The One Thing You Must Do if You Want to Live Fully

Are you living your life fully? Be honest. Are you stretching, growing, loving, and doing things that make you feel alive, passionate, excited, and fulfilled? If not, you probably lack trust.

When you don’t trust—yourself, others, or the Creator, you hold yourself back. And as long as you continue to restrain yourself, you can’t truly enjoy and live life to the fullest extent possible.

I know this from experience. Despite writing about and developing a course on how to live fully, I don’t always do the essential thing necessary to accomplish that goal.

I don’t trust.

Trust Allows You to Let Go

Truth be told, I didn’t realize trust was so critical to living fully until a few weeks ago. So, it’s no wonder I wasn’t trusting enough.

But during a meditation last week, I had a big aha moment. I saw images from my childhood…memories of times I lived fully…and recognized a shared element that led to that experience.

In each instance, I was totally present, joyous, and excited—because I trusted I would be cared for and safe. That trust allowed me to let go and experience the moment in its entirety…to live fully.

You’ve probably seen pictures of people riding on a roller coaster and not holding on to the safety bar. Instead, they have their hands up in the air in total abandon. You can see from their faces they are experiencing the moment…the rush of adrenaline, the wind on their faces, the moments of fear…all of it…without holding on.

That’s trust.

Those people are living fully…at least until the ride ends.

My Memories of Living Fully

I can recall a few such moments, and I saw them in my mind’s eye during the meditation. For instance, I vividly recalled sledding with my mom, dad, sisters, and a few family friends at midnight on New Year’s Eve. We lived in a house with a steep hill in the backyard ending at the edge of a lake. In the cold and dark, we would start our sleds’ downward journey from the top of the hill and then slide out onto the frozen lake as far as possible.

I felt so much joy as my sled glided across the ice, which glimmered in the moonlight. And I thought of nothing but the experience; I was totally present, excited, and filled with joy.

And I trusted that I could let the sled take me on the ride and be safe. That trust allowed me to be present and enjoy the ride instead of focused on a future possibility of danger, like an injury.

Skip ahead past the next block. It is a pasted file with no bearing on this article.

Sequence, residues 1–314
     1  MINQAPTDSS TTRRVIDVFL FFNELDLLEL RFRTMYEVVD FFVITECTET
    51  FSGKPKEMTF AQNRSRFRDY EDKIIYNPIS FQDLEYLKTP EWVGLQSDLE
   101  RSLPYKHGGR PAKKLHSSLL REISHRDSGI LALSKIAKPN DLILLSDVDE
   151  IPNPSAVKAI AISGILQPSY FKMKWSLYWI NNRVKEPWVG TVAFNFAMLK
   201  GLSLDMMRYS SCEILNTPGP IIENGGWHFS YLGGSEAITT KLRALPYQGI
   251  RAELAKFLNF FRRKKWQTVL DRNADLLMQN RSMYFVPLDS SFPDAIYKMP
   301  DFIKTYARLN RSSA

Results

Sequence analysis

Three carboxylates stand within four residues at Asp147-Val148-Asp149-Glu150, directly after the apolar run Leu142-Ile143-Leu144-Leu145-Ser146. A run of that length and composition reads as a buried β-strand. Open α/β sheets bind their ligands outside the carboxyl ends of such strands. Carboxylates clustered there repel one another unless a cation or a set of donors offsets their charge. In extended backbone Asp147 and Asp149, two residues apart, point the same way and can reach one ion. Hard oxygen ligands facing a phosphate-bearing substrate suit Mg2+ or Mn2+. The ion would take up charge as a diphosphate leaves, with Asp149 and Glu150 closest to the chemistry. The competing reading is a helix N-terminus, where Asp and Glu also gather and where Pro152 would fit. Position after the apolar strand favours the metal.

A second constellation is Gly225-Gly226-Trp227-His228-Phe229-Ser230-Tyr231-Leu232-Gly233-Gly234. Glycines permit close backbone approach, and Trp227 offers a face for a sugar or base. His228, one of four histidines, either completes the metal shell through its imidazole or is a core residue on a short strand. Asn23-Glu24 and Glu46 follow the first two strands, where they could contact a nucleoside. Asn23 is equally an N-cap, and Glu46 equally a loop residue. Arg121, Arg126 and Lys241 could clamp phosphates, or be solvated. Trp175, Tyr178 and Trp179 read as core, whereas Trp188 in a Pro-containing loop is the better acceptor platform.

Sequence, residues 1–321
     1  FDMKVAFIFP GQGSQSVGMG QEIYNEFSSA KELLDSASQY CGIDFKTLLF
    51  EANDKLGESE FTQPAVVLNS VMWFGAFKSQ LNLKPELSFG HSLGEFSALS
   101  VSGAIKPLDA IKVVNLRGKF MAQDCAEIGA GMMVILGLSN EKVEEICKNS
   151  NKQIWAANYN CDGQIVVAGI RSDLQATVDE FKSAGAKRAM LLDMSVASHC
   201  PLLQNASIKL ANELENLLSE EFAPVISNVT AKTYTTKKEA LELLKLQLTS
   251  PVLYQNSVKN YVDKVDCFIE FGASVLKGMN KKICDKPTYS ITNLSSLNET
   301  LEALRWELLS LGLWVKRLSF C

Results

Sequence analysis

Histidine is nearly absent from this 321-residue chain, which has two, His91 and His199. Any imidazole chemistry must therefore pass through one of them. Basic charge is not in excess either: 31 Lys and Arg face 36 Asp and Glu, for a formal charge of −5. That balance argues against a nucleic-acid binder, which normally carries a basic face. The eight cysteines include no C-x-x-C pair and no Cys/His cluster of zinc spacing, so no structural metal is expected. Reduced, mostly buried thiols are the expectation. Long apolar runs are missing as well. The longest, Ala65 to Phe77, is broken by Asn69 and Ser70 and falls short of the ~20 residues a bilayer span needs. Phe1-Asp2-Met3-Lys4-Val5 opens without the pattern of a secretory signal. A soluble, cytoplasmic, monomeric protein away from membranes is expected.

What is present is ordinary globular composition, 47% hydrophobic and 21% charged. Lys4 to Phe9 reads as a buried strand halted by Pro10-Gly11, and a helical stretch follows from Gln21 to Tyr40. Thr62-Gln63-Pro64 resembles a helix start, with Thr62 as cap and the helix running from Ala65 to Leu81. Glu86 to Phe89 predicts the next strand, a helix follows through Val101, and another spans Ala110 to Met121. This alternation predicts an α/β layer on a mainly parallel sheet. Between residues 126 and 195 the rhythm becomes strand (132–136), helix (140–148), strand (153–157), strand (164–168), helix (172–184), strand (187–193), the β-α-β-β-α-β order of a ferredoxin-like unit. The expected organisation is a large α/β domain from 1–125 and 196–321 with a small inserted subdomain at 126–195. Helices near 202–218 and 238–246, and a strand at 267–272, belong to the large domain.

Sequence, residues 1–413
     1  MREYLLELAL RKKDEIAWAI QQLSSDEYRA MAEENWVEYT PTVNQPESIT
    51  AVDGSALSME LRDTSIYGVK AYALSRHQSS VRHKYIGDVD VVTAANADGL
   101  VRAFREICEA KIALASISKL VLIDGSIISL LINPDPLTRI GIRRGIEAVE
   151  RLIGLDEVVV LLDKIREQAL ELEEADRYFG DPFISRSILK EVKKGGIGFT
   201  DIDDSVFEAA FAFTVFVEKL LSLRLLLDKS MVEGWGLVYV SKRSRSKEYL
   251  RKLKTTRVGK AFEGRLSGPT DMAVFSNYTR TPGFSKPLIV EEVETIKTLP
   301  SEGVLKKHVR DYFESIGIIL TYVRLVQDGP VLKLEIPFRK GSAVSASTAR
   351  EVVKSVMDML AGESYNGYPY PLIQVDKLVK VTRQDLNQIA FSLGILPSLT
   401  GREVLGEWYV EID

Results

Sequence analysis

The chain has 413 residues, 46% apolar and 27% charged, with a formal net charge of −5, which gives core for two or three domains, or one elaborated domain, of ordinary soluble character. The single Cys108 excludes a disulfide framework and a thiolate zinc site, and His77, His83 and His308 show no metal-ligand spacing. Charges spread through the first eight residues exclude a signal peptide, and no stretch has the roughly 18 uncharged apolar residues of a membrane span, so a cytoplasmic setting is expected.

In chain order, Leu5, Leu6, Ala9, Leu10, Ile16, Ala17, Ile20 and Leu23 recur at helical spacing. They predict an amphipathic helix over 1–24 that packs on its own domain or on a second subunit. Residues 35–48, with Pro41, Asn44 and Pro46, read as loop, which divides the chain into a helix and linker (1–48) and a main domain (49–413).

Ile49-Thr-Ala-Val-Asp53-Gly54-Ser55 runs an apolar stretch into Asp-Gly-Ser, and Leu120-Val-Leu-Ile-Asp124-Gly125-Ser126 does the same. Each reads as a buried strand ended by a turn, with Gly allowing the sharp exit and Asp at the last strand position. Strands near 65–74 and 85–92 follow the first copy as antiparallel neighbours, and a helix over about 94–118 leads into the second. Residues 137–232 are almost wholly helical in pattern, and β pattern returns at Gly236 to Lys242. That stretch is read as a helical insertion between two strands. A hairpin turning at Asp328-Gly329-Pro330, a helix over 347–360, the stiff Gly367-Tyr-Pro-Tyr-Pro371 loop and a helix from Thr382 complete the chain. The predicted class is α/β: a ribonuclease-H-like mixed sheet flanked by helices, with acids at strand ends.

I also recalled my father driving my sisters and me home up a hilly road. He would go fast over the inclines and dips to create the sensation of being on a roller coaster. From the back seat, we squealed, and my father laughed.

As an aside, my father knew how to live fully and enjoy life more than almost anyone I’ve known. I’m sure they both died with few regrets.

I trusted my father to get us safely home…and give us a thrilling ride along the way. So I allowed myself to be in the moment, excited, and joyous.

If I had not trusted my parents and safety, I might never have experienced those moments. I might not know what it is like to trust, let go, and allow myself to live fully—to experience all life has to offer. Instead, I would have gone through the same experiences feeling fear and anxiety as I focused on a potential future that might never have come to pass.

The Key to Living Fully

I shared these memories with a group of people, and it was in the retelling that I realized my inability to trust has prevented me from living fully. I can’t remember too many such fully lived experiences except when I was young.

And the reason why is simple: I no longer trust.

I deeply regret that I have not allowed myself to let go and feel joy, be present, and experience passion for and excitement about my experiences and life. But now I know what I must do to rectify the situation.

I must trust…fully. And from that place of trust, I can finally let go of the safety bar and enjoy the ride…fully.

Who or What Do You Trust?